Sir William Pierce Howland, C.B., K.C.M.G.

Originally Published in Heritage Happenings, March 2001
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Sir William Pierce Howland, the only American born Father of Confederation, was one of Waterdown’s most illustrious residents. Born in Kinderhook, Columbia County, New York State on 29 May 1811, he was educated in the United States and moved to Canada in 1830. He settled in the village of Cooksville in the Township of Toronto and took a job as a clerk in a general store and post office. By 1840 he had purchased the Lambton Mills Company, on the outskirts of Toronto, and soon after, with his brother Peleg, began a general commercial business.

In 1857 Howland obtained a mortgage from Waterdown resident Lockman Cummer and the next year Cummer sold him land in Smokey Hollow. Howland expanded an existing mill on his land to a four-storey stone structure with a large grain warehouse attached. In total costs, these upgrades were said to have been $13,000. Howland’s ‘Waterdown Flouring Mills’, also known as the ‘Torrid Zone Mills’, contained the most advanced machinery available and patented drying facilities which prevented his flour from spoiling. The mills sent flour to both the ‘Torrid Zone’ – the West Indies, Mexico and Brazil and the Maritimes.

The Waterdown Flouring Mills of Sir W.P. Howland

For all his achievements commercially, Howland is however better known for his political prowess. After becoming a naturalized Canadian citizen soon after the union of the provinces in 1841, Howland saw his Toronto business develop successfully, and thus had more time to spend on Party politics. In the General Election of 1857 he was elected as a Reformer to represent West York in the Legislative Assembly of Canada.

When the Reform party came to power in 1862, William Pierce Howland was appointed Minister of Finance. During this one year term, he was selected to discuss construction of the transcontinental railway and was also a founding member of the committee formed to acquire the Northwest Territory for Canada.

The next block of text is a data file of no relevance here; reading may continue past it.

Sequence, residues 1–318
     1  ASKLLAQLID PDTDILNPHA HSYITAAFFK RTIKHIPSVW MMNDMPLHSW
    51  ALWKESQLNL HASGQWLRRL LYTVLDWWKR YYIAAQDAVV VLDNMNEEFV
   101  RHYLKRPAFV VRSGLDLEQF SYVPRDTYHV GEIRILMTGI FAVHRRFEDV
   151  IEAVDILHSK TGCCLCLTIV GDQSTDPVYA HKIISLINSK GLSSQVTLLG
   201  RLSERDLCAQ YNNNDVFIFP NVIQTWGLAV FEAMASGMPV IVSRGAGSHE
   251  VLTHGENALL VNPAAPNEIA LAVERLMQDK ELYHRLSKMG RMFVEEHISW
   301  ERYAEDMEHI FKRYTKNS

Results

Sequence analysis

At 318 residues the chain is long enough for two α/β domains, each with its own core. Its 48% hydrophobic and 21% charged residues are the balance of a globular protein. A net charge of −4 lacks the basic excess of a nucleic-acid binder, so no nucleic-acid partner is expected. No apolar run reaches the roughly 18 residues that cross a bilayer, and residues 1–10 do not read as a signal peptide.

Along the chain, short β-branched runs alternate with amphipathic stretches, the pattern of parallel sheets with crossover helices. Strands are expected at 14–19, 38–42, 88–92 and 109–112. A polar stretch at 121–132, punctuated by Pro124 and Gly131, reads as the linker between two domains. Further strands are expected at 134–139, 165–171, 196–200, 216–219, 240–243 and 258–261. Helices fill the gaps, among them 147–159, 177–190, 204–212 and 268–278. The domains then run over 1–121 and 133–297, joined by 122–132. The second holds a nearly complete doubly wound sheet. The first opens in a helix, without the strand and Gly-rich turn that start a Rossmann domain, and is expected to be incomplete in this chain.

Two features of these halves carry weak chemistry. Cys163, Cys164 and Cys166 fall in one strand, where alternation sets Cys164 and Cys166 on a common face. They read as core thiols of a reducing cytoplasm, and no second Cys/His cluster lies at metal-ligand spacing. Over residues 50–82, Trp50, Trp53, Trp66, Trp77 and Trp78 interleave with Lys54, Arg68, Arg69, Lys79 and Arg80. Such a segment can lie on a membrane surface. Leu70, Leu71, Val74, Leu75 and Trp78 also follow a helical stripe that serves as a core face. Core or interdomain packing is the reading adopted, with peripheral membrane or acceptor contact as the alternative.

Sir William Pierce Howland

The negotiations initiated by this committee allowed the McDonald-Cartier Government to complete the purchase of the Territory.

In 1864 Howland became Postmaster-General in the Ministry of Finance, holding this position for two years before returning to his original post as Minister of Finance.

In 1865 and 1866 he was appointed a commissioner, to visit Washington to discuss trade interest between the United States and Canada, and in 1866-1867 was one of three Canadian delegates sent to Westminster, London, to complete the terms of the British North America Act. As one of the members signing the Act, William Pierce Howland became a ‘Father of Confederation’.

On formation of the first Dominion Government of Canada on 1 July 1867, Howland was appointed a member of the Privy Council and the Minister of Inland Revenue. In July 1868, he retired from politics and was appointed the Lieutenant-Governor of the Province of Ontario, a position he held until November 1872. Howland returned to his businesses but was asked to serve as a commissioner to report on the route of the proposed Baie Verte Canal to the Government.

William Pierce Howland was acknowledged for his adherence to the cause of Confederation with the Order of the Companion of the Bath, civil, in 1867, and was honoured as a Knight of the Order of St. Michael and St. George in 1879.

In the years following retirement from politics, Sir William and his family spent summers in Waterdown away from the heat of Toronto. Their home, at 265 Mill Street South, was high above his mill business in Smokey Hollow and allowed a fine perspective of the operation.

Sir William Pierce Howland, C.B., K.C.M.G. died in 1907 at the age of 96.

© The Waterdown-East Flamborough Heritage Society 2001, 2023.


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